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Nighttime deer hunting

too dangerous to allow

The Great Lakes Indian Fish and Wildlife Commission (GLIFWC) is playing dangerous politics with its decision to issue an order allowing Chippewa tribal deer hunters to shoot deer at night with the use of spotlights.


The Wisconsin Department of Natural Resources (DNR) has argued in the past — a position that won the support of federal courts years ago — that night hunting for deer with the use of artificial lights is an enormous public safety concern.

There is a long list of reasons for why nighttime deer hunting is too dangerous, not the least of which is that tribal hunters often hunt from vehicles and as such, they are often unaware of residential homes and private property boundaries.


Deer congregate near homes and residential areas at night, making those areas the most likely place for tribal members to locate deer with their spotlights. Besides, one of the cardinal rules of gun safety is knowing what’s beyond your target — something very difficult to determine in the darkness of night.


We believe this is political because it wreaks of tribal retaliation for the DNR’s decision to allow night hunting for wolves as part of the state’s first wolf hunting season this fall. Tribal officials have been very vocal in opposition to shooting wolves, and they are additionally upset that the state legislature authorized a wolf season without consulting the tribes.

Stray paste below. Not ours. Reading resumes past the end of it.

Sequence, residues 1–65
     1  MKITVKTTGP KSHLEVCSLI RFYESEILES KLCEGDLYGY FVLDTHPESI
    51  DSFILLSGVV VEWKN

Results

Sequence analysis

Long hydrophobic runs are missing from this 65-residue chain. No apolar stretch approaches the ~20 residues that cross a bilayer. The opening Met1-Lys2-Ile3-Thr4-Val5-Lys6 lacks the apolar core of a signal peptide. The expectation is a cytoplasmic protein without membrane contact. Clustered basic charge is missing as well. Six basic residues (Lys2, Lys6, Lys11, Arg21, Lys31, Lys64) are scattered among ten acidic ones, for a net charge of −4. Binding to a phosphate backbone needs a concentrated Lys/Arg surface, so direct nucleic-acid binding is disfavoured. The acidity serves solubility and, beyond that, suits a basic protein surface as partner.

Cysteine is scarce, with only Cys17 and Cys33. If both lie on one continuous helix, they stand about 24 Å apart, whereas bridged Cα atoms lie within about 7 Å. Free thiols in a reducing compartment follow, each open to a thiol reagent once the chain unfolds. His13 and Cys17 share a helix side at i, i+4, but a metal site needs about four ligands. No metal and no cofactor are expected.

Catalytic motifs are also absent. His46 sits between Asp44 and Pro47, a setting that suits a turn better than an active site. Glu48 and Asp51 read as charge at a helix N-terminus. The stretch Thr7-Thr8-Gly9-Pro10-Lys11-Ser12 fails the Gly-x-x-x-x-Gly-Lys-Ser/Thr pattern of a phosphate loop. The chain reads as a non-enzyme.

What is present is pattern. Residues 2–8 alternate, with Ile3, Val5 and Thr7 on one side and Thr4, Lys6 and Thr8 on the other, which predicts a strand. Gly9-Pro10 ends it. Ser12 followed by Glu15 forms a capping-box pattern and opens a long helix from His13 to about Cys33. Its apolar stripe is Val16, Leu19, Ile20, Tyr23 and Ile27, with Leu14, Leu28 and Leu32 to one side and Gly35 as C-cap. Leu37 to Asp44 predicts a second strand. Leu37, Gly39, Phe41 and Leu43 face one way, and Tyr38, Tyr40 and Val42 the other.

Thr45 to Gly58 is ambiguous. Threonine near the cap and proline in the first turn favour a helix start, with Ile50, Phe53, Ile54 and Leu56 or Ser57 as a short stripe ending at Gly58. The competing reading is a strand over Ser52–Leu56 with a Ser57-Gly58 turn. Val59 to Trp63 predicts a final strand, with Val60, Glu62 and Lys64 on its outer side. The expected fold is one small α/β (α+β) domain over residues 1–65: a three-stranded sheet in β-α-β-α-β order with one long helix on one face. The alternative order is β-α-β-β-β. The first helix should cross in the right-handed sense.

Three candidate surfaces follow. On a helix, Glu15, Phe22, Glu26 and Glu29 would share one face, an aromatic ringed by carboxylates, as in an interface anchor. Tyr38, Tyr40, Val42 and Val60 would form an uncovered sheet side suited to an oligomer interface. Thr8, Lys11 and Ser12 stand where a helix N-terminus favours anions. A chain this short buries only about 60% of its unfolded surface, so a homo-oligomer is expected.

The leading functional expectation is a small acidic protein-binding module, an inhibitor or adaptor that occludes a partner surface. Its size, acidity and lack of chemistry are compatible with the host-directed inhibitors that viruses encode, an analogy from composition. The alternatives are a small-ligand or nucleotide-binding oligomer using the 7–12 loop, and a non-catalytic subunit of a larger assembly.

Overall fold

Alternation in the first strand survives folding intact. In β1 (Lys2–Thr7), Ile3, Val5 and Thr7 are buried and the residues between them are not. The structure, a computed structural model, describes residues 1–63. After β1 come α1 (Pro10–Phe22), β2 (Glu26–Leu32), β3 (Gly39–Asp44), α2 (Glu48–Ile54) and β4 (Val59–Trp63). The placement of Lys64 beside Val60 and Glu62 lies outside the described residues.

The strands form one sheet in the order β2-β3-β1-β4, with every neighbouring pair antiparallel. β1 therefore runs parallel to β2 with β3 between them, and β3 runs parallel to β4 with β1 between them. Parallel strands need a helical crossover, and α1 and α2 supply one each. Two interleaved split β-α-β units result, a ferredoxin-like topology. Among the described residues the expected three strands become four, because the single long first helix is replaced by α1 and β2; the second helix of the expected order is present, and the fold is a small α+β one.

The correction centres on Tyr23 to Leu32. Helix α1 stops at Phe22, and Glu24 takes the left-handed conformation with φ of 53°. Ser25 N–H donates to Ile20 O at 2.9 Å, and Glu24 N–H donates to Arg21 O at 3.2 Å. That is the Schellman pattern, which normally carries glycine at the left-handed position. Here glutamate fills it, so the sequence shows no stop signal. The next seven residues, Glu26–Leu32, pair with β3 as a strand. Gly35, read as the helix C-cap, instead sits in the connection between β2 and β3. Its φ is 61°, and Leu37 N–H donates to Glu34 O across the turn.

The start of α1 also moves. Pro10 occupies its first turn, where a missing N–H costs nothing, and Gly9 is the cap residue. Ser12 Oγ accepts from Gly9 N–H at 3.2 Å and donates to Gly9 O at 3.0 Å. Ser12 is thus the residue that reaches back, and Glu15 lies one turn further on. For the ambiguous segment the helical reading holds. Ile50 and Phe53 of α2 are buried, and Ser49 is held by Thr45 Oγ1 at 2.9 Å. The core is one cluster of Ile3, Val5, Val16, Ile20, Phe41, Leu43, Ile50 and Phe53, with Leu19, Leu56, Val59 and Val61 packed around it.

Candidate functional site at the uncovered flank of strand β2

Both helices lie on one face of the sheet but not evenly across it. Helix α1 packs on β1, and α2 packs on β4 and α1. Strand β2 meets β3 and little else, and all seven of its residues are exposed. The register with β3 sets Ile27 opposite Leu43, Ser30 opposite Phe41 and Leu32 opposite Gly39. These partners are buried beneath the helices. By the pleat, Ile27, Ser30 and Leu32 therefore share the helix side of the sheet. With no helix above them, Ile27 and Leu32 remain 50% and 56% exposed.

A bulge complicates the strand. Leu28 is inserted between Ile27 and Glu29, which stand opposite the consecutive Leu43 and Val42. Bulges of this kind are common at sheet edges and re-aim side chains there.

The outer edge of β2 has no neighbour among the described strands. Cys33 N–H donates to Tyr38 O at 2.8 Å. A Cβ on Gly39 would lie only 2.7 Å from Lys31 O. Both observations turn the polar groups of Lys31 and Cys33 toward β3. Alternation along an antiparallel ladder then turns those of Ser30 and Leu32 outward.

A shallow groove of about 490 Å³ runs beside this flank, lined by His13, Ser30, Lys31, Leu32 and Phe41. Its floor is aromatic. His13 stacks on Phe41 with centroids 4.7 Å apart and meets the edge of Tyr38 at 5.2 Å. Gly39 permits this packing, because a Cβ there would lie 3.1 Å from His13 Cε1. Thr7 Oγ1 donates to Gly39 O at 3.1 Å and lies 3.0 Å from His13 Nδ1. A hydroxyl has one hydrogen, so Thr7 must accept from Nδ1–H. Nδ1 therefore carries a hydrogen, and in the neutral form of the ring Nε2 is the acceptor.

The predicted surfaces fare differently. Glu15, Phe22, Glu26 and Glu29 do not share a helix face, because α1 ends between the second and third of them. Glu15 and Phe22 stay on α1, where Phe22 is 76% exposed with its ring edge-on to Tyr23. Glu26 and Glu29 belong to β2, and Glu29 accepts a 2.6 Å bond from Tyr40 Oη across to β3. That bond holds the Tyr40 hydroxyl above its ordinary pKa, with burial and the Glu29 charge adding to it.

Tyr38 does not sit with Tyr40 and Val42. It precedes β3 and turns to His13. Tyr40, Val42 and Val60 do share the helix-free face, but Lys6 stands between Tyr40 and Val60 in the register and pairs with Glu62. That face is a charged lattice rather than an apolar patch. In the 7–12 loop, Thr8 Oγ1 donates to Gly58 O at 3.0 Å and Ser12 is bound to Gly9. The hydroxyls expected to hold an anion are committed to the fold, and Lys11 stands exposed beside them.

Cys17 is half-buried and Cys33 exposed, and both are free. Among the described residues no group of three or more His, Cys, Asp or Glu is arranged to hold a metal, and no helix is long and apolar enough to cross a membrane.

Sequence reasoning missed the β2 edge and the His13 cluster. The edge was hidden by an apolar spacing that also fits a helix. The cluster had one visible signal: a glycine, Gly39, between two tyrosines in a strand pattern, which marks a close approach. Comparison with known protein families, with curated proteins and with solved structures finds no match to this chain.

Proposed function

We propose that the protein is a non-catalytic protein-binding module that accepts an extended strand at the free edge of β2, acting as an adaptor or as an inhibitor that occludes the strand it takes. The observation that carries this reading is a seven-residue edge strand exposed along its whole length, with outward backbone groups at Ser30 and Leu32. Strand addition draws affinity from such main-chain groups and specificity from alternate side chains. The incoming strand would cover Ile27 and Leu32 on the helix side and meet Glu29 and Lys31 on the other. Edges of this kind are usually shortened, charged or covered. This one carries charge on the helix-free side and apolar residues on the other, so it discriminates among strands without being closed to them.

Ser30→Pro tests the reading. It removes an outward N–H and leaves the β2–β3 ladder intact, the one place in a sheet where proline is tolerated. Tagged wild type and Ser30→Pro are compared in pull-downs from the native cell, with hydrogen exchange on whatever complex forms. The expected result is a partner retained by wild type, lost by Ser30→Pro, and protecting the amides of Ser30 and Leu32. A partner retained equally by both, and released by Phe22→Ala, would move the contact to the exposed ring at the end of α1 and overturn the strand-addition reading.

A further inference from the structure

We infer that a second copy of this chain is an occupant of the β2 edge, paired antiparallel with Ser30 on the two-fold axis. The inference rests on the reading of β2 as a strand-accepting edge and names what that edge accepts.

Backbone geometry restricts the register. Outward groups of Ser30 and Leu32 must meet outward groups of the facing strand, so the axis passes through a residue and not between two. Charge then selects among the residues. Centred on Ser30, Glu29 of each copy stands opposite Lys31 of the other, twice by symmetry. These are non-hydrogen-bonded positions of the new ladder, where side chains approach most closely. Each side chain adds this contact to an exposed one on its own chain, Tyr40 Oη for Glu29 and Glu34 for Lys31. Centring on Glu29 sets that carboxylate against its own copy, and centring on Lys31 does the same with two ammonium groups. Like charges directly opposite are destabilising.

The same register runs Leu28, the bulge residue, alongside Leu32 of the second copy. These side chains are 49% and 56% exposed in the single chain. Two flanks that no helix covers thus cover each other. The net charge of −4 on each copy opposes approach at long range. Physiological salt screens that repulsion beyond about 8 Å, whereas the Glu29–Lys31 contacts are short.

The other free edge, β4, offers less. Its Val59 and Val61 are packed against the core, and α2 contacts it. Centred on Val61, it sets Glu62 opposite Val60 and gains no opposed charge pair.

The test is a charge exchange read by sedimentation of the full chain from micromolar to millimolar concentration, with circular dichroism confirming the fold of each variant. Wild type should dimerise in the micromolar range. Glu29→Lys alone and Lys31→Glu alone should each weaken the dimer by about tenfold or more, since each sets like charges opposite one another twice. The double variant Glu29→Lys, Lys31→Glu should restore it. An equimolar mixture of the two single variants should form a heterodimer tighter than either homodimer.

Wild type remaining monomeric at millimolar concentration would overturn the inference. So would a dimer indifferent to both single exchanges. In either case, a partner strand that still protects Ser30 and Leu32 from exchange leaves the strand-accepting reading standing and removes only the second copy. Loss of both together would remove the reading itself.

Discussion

For the record, wolf hunting at night is much safer than deer hunting. Like night hunting for coyotes or fox, hunters targeting wolves use specific areas of public and private land when they attempt to attract wolves with calls. These areas are well-defined and the backdrop well-known prior to the hunt. These hunts are not generally accomplished from a vehicle.


Because nighttime wolf hunting did not set a new precedent when compared with other harvest seasons to control predators, we believe GLIFWC is violating the intent of previous court decisions that sanctioned predator control as different than deer hunting. That issue was decided in 1989 over nighttime hunting for coyotes, and nothing significant has changed.


For the sake of public safety, we believe DNR conservation wardens should continue to follow existing law and those previous federal court decisions. Tribal hunters who shine and/or shoot deer at night should be arrested. We believe state intervention is even more crucial when a tribal commission decides to issue an order that provides little time for notifying the public.


Not that it matters in the eyes of the law, but there is ample documentation that most nighttime deer hunting done by tribal members is accomplished from vehicles, which allows them to cover extensive amounts of deer range in search of their targets.


There is no more dangerous hunting method than road hunting from vehicles, as the occupants are often unaware of their surroundings. It is extremely difficult at night to see the “No Trespassing” signs and fences that often signify private land — off-reservation lands where tribal members are not authorized to hunt.

Behind the editorial ‘we’


Members of the Vilas County News-Review editorial board include Publisher Kurt Krueger, Editor Gary Ridderbusch and Assistant Editor Anthony Drew.

Tuesday, November 27, 2012 3:36 PM

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